In 1868, a white New Orleans engineer and Confederate army veteran learned there were nonwhite students attending his daughter’s school. When questioned, the school’s principal, the ironically-named Stephanie Bigot, provided a list of twenty-eight students “known, or generally reputed to be colored”—presumably girls whose appearances were passably “white.” Bigot claimed that she had no knowledge of their racial backgrounds but that there were rumors among the student body that they were not white.

Jewell writes that the enrollment of racially ambiguous girls posed a particular threat to white New Orleans families. “Allegations of racial passing compromised the entire student body’s ability to secure either marriage into a ‘good’ family or ‘respectable’ employment,” he writes…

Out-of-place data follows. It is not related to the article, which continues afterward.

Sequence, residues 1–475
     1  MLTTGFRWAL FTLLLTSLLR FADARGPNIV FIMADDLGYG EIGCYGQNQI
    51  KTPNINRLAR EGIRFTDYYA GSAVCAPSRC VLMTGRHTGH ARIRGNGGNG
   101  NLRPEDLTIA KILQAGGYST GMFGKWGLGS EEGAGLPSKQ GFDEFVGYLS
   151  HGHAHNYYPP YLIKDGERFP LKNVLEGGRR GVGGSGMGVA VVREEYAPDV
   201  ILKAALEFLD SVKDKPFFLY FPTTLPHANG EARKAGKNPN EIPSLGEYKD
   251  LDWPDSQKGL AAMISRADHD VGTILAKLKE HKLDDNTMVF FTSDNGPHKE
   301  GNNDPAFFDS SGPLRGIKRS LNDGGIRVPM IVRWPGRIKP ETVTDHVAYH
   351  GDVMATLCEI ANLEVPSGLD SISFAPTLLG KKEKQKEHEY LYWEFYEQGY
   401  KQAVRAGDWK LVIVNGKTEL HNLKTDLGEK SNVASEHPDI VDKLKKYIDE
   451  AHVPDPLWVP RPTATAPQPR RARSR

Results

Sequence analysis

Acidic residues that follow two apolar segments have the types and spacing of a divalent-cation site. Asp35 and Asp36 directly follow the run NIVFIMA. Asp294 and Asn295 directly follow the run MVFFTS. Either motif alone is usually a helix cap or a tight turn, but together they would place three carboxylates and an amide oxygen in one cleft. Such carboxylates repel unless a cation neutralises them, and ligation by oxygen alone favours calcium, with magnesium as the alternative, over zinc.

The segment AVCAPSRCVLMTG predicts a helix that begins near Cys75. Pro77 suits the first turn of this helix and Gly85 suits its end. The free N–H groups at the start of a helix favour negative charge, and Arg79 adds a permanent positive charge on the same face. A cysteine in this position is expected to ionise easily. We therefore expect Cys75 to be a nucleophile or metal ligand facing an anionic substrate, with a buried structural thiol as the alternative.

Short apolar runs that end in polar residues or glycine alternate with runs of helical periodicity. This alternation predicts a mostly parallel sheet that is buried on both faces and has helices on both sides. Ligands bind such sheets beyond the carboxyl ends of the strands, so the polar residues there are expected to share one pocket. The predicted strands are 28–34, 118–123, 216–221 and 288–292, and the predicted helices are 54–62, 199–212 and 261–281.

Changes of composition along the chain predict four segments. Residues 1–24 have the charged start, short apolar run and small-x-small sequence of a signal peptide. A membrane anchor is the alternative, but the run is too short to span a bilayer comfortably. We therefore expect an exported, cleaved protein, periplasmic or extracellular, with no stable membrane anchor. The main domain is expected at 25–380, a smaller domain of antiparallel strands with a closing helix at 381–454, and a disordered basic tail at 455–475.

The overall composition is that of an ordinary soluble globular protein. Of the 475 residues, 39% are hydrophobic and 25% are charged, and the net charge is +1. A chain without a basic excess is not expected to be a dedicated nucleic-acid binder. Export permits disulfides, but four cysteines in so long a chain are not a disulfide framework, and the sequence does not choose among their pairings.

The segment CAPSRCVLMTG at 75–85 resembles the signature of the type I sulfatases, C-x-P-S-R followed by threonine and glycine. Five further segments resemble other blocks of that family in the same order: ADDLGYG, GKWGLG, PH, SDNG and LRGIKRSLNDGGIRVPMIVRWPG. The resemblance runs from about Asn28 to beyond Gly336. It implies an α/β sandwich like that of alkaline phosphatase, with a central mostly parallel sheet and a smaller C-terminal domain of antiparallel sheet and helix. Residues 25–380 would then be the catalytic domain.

Read the entire article here.

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Other(ing) People’s Children: Social Mothering, Schooling, and Race in Late Nineteenth Century New Orleans and San Francisco

Posted in Articles, Asian Diaspora, Campus Life, Economics, History, Louisiana, Media Archive, Passing, Social Science, United States, Women on 2019-01-05 20:01Z by Steven

Other(ing) People’s Children: Social Mothering, Schooling, and Race in Late Nineteenth Century New Orleans and San Francisco

Race, Gender & Class
Volume 21, No. 3/4, RGC Intersectionalilty, Race, Gender, Class, Health, Justice Issues (2014)
pages 138-155

Joseph O. Jewell, Associate Professor of Sociology
Texas A&M University